3 cents of every dollar! To put that into perspective, if you combine the annual profits of the top 10 medical insurance providers in America, that would be equal to just 2 days worth of national medical care expenditures!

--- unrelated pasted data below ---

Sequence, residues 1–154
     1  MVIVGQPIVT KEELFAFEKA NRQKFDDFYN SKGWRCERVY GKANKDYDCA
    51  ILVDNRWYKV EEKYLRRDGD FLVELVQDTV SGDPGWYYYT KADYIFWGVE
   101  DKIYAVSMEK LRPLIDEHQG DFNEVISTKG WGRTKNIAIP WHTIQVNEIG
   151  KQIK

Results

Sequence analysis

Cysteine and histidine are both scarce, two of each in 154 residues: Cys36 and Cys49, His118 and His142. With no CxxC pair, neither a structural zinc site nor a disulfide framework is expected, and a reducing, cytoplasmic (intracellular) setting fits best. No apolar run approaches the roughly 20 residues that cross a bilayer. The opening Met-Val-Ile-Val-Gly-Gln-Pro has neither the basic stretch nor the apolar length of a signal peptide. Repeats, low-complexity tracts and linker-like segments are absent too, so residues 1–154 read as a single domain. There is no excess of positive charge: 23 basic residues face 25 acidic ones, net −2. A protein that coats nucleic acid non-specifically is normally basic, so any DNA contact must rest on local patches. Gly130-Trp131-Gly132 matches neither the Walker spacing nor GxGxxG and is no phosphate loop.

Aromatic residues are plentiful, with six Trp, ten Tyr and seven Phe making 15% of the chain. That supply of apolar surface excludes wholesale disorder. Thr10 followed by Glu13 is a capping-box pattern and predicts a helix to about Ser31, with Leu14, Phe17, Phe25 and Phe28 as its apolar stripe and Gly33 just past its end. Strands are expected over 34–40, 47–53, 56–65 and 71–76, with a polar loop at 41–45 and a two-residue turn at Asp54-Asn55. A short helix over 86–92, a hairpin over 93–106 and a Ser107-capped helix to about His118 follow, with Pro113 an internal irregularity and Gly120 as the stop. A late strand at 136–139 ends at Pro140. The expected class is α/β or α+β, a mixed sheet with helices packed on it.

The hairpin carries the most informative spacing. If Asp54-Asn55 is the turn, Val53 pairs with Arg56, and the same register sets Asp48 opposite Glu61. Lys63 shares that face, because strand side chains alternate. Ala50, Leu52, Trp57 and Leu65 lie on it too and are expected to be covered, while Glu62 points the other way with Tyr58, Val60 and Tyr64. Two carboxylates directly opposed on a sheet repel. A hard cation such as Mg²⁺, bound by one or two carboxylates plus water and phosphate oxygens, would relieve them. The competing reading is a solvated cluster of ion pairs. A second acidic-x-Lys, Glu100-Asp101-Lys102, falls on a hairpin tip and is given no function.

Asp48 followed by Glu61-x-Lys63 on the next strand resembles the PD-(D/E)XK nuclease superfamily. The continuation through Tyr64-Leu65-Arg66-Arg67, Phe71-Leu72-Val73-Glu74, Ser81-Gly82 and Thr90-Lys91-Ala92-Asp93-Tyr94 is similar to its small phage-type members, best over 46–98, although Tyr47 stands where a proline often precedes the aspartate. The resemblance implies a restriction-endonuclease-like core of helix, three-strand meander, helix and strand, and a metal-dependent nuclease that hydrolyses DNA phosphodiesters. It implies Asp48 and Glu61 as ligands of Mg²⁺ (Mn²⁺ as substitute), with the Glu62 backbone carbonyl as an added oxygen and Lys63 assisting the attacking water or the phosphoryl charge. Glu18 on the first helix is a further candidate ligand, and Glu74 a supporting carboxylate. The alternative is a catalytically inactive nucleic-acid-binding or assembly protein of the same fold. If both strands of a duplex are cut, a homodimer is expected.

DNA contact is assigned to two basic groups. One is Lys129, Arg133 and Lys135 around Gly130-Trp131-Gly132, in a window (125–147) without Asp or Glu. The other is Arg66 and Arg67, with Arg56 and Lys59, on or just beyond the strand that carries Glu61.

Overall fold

Why are medical care expenditures and medical insurance premiums so high? Technology is the key force behind medical care spending, accounting for an estimated 2/3 of spending growth. After that comes inflation. What we spend for the same medical services we had received years ago is a lot more expensive today, driving 51% of the growth in medical care spending. Next comes cost shifting. Cost shifting is what happens when government programs like Medicaid and Medicare underpay for medical services that patients receive. Medical insurance companies have to pay for this shortfall. In 2008, an independent medical research firm estimated that the total annual cost shift from Medicare and Medicaid to private medical insurance companies is more than $88 billion! To break it down even further, for a typical family of four, that represents an additional $1,788 in annual medical care costs due to cost shifting. Next is government compliance. Medical insurance companies spend over $339.2 billion in order to comply with government medical regulations. More than half of that money is spent on filing and reporting requirements.